June 19, 2022
Charcot foot can make regular daily activities challenging. A few simple lifestyle modifications will help keep you healthy, safe, and thriving at home.
Charcot foot is a condition related to diabetic neuropathy that causes the bones and tendons of the foot to break and deform. Many people diagnosed with Charcot foot will experience changes in their normal mobility and activity due to balance issues, pain, or a doctor’s order to keep weight off the affected foot.
Maintaining a healthy and independent lifestyle supports healing and mental health, but it may be difficult for adults to adjust to life with new restrictions. By following these tips, you can stop feeling limited by the things you can’t do and begin focusing on what you can do with Charcot foot.
Because Charcot foot changes the shape of your feet, walking may be difficult due to poor balance or pain. Your doctor might tell you to keep weight off the foot for some time, in which case walking would be impossible.
Mobility aids like walkers, canes, wheelchairs, scooters, and orthotic devices make getting around with a physical disability possible. Thanks to modern medicine, several options are available on the market, some of which are covered by Medicare and other insurance providers. Talk with your doctor about which mobility aid is right for you based on your individual restrictions and financial situation.
Here are a few examples of mobility aids that help people with Charcot foot regain independence and get back to the activities they love.
To use a knee walker, the user rests the knee of the affected leg on the walker in a kneeling position and propels themself forward with the other leg. The user steers the walker with the handlebars, which provide support and include a braking mechanism.
It is important to note that not all insurance providers cover knee walkers, including medicare.
Private insurance providers and Medicare cover many rollators. Be sure to talk with your doctor to ensure you are properly fitted to your rollator.
You will need a prescription from your doctor to receive a CROW boot, and they will custom fit the boot to your affected foot.
Your safety at home should always be your number one priority. Living in a space that is not adapted to your mobility needs is a recipe for injury, leading to costly hospital bills and further loss of independence.
You can make several changes to your home to improve your mobility and safety. The level of modification your home requires will depend on your specific abilities, so it is always best to discuss your concerns with a trusted medical provider.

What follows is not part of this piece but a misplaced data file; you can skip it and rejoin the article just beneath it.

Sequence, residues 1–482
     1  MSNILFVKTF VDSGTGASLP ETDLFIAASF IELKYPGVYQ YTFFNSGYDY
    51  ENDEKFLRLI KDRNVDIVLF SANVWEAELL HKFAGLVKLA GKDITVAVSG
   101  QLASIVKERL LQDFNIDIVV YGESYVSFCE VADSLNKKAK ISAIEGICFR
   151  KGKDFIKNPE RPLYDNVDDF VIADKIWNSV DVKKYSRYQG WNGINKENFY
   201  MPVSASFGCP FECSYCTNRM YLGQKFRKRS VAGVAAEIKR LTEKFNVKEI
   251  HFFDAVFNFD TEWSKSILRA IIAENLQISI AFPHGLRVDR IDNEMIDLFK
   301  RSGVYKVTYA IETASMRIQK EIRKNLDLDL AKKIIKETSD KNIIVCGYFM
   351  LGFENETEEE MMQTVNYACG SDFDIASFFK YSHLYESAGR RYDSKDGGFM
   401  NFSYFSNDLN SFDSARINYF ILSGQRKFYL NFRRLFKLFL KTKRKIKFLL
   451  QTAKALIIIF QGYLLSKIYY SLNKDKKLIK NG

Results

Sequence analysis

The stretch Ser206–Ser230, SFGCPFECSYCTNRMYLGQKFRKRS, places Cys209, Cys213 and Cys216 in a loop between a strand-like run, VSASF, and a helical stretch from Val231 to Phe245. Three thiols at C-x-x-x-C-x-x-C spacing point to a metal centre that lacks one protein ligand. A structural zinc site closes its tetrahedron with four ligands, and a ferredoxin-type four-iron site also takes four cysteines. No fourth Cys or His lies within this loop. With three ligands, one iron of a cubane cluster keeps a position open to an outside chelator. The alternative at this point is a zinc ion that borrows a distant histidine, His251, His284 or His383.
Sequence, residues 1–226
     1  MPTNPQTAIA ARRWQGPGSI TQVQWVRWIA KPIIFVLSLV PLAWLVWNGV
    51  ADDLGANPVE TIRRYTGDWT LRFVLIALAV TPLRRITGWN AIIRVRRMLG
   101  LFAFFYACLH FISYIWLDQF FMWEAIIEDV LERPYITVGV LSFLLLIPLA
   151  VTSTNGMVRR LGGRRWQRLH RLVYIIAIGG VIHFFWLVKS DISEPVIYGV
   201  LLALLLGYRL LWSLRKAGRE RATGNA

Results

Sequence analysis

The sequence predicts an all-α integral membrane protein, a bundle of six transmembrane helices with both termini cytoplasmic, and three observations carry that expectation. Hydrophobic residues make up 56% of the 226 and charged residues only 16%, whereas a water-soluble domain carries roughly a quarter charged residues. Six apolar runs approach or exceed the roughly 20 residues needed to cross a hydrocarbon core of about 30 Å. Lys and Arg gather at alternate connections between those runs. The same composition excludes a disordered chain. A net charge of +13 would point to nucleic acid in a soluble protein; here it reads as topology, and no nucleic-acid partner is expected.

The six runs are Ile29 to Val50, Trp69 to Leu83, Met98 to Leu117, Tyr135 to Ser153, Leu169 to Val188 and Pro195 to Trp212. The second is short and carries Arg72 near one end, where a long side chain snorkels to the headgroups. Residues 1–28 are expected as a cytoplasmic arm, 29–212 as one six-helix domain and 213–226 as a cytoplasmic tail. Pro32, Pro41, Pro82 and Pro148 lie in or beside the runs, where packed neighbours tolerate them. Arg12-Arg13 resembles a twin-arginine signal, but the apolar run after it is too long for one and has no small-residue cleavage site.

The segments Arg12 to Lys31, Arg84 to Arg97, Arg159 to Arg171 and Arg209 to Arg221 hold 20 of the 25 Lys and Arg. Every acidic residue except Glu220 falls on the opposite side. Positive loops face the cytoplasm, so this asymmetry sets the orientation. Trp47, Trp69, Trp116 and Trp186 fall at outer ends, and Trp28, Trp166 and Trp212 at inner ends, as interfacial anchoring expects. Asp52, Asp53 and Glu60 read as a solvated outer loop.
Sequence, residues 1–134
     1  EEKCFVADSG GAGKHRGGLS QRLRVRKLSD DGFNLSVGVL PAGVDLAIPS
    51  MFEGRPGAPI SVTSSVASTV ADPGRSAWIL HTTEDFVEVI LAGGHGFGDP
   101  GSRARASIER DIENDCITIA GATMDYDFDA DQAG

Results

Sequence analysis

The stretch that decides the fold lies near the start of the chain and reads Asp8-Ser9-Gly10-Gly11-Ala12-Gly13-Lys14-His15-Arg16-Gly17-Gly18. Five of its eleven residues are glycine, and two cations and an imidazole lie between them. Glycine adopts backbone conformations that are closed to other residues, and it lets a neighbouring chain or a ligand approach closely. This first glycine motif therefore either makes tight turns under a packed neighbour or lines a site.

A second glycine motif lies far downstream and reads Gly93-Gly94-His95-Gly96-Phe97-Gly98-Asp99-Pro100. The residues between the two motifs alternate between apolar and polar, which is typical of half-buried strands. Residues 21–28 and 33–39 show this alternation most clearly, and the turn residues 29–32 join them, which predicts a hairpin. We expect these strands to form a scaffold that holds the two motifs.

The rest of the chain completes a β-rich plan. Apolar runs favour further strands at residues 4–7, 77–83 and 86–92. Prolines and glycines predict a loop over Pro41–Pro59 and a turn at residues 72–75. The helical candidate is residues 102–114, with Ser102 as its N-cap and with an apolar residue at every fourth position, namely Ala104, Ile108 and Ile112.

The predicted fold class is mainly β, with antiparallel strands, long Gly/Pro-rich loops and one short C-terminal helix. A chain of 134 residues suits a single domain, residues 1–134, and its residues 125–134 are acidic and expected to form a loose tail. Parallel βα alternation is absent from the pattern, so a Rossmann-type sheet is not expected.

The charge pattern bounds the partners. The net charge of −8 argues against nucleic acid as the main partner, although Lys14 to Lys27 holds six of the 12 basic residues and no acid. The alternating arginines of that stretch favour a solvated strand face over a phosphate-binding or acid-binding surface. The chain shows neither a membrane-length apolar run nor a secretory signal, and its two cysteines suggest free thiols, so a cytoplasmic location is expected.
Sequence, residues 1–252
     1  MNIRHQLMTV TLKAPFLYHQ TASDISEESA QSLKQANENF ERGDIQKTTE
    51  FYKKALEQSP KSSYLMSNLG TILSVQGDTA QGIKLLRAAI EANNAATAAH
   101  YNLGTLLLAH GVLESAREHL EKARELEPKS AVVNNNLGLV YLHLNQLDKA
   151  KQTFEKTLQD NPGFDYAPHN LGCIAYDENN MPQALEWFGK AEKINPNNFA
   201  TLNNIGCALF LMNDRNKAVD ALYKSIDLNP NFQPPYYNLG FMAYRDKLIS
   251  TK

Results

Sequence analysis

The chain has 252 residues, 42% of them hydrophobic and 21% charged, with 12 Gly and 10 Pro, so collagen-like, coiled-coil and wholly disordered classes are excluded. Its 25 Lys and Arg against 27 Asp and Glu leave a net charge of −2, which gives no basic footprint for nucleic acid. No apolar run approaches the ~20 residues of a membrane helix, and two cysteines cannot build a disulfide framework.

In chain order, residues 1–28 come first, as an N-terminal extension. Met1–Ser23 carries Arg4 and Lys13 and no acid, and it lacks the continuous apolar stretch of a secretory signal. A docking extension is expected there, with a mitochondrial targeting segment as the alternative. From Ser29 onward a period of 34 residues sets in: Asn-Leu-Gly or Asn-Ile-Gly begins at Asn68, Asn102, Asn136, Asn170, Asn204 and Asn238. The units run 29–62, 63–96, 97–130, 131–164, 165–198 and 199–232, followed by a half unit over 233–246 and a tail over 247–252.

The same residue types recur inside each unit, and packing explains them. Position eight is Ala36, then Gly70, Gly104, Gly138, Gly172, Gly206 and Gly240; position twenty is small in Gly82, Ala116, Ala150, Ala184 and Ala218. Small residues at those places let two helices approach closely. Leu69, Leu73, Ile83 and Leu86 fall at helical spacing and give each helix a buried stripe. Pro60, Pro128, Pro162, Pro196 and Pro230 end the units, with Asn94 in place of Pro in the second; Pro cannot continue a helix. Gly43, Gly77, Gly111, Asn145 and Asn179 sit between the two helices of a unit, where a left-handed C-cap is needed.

It’s no secret that physical activity can improve your health and wellbeing, but finding a routine that accommodates your mobility needs can be challenging. The key is to find an activity that engages your brain and body, is fun, and does not cause you physical pain. These activities will keep you strong, flexible, and mentally sharp.
Here are a few examples of activities that you can easily modify to accommodate your abilities. Always check with your doctor before starting a new exercise routine.
An example of an isometric exercise is the bicep curl; Hold your right arm in front of you with your palm up and elbow bent. Place your left hand on top of your right hand and clasp them together. Now you will attempt to pull your right hand toward you while using your left hand to resist the movement and hold for 5-10 seconds. You will then switch arms and perform the same action on the left side.
Siren has partnered with podiatrists across the country to help bring groundbreaking foot care to people with diabetes. Siren-certified podiatrists can prescribe our clinically-proven temperature monitoring socks, which detect the early signs of diabetic foot complications and reduce the risk of infection and amputations.
Siren Socks are smart socks that help detect potential issues with your feet. Siren Socks are an FDA-registered Class I medical device and are designed for people living with diabetes and neuropathy. The socks measure your foot temperature. Temperature monitoring has been shown to help reduce the number of diabetic foot ulcers in multiple clinical studies over the past 20 years and is considered the gold standard in diabetic foot care. The information from the socks is monitored by licensed nurses who contact you regularly to check on your health and the status of your feet. Your doctor reviews any issues that arise and determine if a clinic visit is necessary. Siren Socks are covered by Medicare, Medicare Advantage, and many private insurance plans. Interested patients can find a Certified Siren Provider near them and begin the enrollment process by clickinghere.